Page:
The Arab League on Saturday threatened to take Syria to the U.N. over its deadly crackdown on dissent but an Iraqi mediator said he had "positive" talks in Syria aimed at defusing the nine-month crisis.
The Qatari prime minister warned that the Arab League would take Syria to the U.N. Security Council if it persisted in refusing to allow observers into the country to monitor the protection of civilians.
Arab foreign ministers will meet on Wednesday in Cairo to discuss taking the Arab peace plan to the U.N., said Sheikh Hamad bin Jassem al-Thani at the end of a meeting in Doha on the Syria crisis.
"As Russia has gone to the Security Council, a proposal will be presented in the (Arab ministers') meeting on December 21 that the Arab League goes to the Security Council to present the Arab initiative," Sheikh Hamad said.
The 22-member Arab bloc has been trying to persuade Syria to receive observers to monitor the situation as part of a plan to end the bloodshed.
“We are not talking about a military intervention, but we want the Security Council to adopt the Arab initiative,” stressed Sheikh Hamad.
On sanctions against Syria, he said: “We are not seeking to harm the Syrian people or destroy their country.”
On November 27, the Arab bloc approved a raft of sanctions against the Syrian authorities to punish their failure to heed an ultimatum to admit observers.
Earlier this month Syria finally said it would allow the mission, but set a number of conditions, namely the lifting of sanctions.
Ahead of Saturday's meeting in Doha, Arab League number two Ahmed Ben Helli had sounded hopeful that Damascus would sign the protocol and allow in observers.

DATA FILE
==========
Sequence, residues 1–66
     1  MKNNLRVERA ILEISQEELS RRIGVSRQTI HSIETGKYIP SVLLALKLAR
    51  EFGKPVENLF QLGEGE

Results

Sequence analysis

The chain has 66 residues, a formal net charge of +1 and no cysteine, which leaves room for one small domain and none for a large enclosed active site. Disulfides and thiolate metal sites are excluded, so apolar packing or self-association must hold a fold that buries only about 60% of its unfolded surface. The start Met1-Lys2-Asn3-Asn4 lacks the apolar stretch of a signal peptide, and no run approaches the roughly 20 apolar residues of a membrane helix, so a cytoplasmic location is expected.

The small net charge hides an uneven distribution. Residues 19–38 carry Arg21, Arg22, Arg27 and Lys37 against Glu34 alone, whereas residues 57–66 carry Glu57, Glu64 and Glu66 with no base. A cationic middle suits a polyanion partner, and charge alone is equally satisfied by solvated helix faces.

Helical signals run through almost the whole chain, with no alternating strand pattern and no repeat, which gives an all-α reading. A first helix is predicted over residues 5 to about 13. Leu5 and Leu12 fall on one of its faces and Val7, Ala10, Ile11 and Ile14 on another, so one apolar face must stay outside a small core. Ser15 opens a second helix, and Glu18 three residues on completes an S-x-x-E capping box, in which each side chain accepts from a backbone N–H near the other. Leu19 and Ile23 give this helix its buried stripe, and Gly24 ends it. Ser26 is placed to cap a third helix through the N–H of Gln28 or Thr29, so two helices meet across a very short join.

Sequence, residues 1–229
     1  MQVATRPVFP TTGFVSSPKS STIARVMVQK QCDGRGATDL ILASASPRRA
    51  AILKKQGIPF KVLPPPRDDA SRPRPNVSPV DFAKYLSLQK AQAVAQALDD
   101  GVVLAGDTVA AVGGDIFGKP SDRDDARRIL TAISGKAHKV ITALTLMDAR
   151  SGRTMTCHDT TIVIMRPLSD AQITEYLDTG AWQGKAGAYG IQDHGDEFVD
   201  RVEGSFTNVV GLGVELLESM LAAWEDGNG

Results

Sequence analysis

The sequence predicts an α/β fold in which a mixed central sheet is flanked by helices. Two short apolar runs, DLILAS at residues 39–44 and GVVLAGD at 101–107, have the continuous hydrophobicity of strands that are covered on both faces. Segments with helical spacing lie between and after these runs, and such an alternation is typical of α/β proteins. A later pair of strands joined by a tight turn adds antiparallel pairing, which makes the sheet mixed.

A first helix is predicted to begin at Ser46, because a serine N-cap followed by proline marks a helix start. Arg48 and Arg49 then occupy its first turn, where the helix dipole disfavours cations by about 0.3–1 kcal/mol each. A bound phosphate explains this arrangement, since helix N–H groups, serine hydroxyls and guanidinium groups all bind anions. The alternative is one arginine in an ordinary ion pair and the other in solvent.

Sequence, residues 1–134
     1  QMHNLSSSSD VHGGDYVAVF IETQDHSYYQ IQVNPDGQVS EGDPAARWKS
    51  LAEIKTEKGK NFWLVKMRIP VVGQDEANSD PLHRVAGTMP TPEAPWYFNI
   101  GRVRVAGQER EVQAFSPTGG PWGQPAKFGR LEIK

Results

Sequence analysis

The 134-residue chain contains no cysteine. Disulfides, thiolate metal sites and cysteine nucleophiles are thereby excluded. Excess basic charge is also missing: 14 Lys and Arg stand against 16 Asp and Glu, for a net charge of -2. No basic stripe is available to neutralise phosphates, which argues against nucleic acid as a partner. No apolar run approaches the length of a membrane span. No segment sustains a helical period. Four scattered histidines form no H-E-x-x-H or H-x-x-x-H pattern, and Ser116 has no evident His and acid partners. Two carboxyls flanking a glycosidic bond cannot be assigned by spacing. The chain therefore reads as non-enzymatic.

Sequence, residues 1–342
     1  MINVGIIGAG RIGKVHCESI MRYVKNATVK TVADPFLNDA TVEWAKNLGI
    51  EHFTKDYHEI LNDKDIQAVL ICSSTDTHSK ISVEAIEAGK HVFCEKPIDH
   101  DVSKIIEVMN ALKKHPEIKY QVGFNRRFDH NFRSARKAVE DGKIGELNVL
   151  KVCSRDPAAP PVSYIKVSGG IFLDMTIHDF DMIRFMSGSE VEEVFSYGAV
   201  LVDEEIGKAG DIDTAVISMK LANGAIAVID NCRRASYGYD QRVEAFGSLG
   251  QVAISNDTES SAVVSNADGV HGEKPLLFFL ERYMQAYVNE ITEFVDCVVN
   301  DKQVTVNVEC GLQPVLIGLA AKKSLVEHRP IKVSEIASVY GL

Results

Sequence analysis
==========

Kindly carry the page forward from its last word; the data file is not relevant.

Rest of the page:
"There are positive signs... I expect the signing will happen soon," he told Agence France Presse. But he quickly added: "It will not be today."
The United Nations estimates that more than 5,000 people have been killed in a government crackdown on pro-democracy protests which first erupted in the Middle East's most autocratic country in mid-March.
On Friday 19 more civilians were killed across Syria, activists said, amid mass rallies to criticize the Arab League's failure to take tougher action.
Meanwhile some 200 members of the opposition Syrian National Council were meeting for the second consecutive day in Tunis for talks behind closed doors aimed at honing a strategy to topple Assad's regime.
In the meantime, Western nations said Russia's surprise draft resolution should contain stronger condemnation of rights violations by the Assad government and stronger support for Arab League action.
The proposed resolution strongly condemns violence by "all parties, including disproportionate use of force by Syrian authorities."
It also raises concern over "the illegal supply of weapons to the armed groups in Syria," according to a copy obtained by AFP.
Russia said it would not be calling for negotiations in the UN Security Council before Monday.
On Friday, security forces shot dead 19 civilians, the Syrian Observatory for Human Rights said, as hundreds of thousands of people rallied against the Arab League.
"The Arab League is killing us -- enough deadlines," was the protesters' slogan.
The Observatory said more than 200,000 protested in the besieged central city of Homs alone, venting their frustration at the Arab League, with rallies in other parts of the country.
It also reported violent clashes between regular army troops and deserters on Saturday in the northwestern Idlib region.
Across the border in Lebanon a farmer was killed on Friday when a landmine exploded as he drove his truck across an illegal border crossing. Syria has laced the region with landmines to stem the flow of weapons and prevent refugees and defectors from fleeing.
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